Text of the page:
The Best Defense

The Navy IG report on the Naval War College would have been better if its authors understood academic freedom


Tom's note: I sent a Navy IG report on the Naval War College to Professor Joan Johnson-Freese and asked her to review it.

By Joan Johnson-Freese

Best Defense guest columnist

Teaching strategy and strategic planning is a key responsibility of the Naval War College. In particular, focus is placed on strategic planning to avoid an ends-means mismatch where what you want to do can't be done with the means you have at hand. Trying to democratize Iraq by largely military means comes to mind as an example of an ends-means mismatch.

The team sent to the Naval War College (NWC) by the Naval Inspector General's (IG) office last August might benefit from attending our classes. Based on the report recently issued, it could prove useful for them, and the Navy.  The bottom line: the IG seems to want the Naval War College to be academically more like Yale (which NWC administrators have suggested is a peer school to the NWC), but also more in lock-step with Department of Defense (DoD) bureaucratic rules.

Pick one.

Upon close reading this schizophrenia seems to flow from the report's recommendation on "Organizational Structure." It calls for separating operations from academics.  While that would make sense if it meant that the Provost should not order the air conditioning filters, that doesn't appear the intent.  The intent seems to be separation of the Naval War College mission, education, and how it carries out the mission, process.  The rest of the report reflects the arbitrariness and potentially counter-productive nature of that approach.

The report begins with the statement that the NWC "is currently successfully executing its mission to educate and develop leaders, support defining future Navy and associated roles and missions, support combat readiness and strengthen global maritime partnerships." But, the investigators go on to say, "there are indicators that the margin of excellence for this institution has narrowed, and this trend may continue in the future unless external and internal factors are addressed."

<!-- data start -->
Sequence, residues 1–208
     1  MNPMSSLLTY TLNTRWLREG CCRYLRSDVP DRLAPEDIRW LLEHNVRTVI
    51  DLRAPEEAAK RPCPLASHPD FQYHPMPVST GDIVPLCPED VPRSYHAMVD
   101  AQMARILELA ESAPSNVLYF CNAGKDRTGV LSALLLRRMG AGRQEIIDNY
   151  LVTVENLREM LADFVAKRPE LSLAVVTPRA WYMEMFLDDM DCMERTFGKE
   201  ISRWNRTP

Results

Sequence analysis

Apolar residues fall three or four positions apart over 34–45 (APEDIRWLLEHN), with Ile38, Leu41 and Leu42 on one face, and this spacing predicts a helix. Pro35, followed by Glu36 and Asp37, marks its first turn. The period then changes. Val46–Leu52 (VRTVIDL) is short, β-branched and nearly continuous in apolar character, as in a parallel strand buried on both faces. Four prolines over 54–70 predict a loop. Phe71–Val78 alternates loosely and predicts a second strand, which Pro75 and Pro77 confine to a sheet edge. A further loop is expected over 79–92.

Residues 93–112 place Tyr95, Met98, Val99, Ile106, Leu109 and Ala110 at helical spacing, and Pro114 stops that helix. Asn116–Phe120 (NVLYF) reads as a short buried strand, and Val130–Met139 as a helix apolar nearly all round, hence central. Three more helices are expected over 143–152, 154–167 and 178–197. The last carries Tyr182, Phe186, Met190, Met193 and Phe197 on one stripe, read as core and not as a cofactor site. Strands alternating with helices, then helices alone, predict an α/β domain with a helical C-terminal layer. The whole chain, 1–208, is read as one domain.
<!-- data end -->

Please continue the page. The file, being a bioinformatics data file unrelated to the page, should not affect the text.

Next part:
I certainly have been among those who see problems in Professional Military Education (PME) generally, and the Naval War College specifically, having written a book and multiple articles about those problems. So, I was pleased to see that the report supported my views that there are issues needing to be addressed regarding (lack of) diversity among faculty and students, faculty qualifications, hiring and retention, lack of a faculty voice in governance, and the interrelated nature of many of these issues.

Whoever wrote this part of the report clearly understood the substantive difference between education and training, which the military often doesn't, and what it takes to provide quality education.  Key among those factors are these: 1, a high quality faculty actively engaged in their fields; 2, academic freedom and institutional support to maintain their expertise, and 3, a job environment that allows faculty to challenge the students without fear of losing their jobs. The report noted issues in all of those areas, and made recommendations for dealing with them.

Some recommendations are likely to be largely welcomed: A more broadly employed, transparent and standardized tenure policy; better support for faculty travel and attending professional conferences; and a faculty voice in governance, for example.

Other recommendations will be received differently by different types of faculty, -- academic, retired military, practitioners and active duty -- including the recommendations involving recognition that not all Ph.D.'s are equivalent, establishment of the rank of Professors of Practice for the increasing number of practitioners being hired as civilian academics, and those dealing with salary. Faculty at the Naval War College are handsomely paid and, the IG noticed, some are overpaid based on credentials. Getting a Ph.D. does not make someone an academic.  Getting a Ph.D. is the equivalent of getting commissioned.  It is a professional starting point, not a culmination point.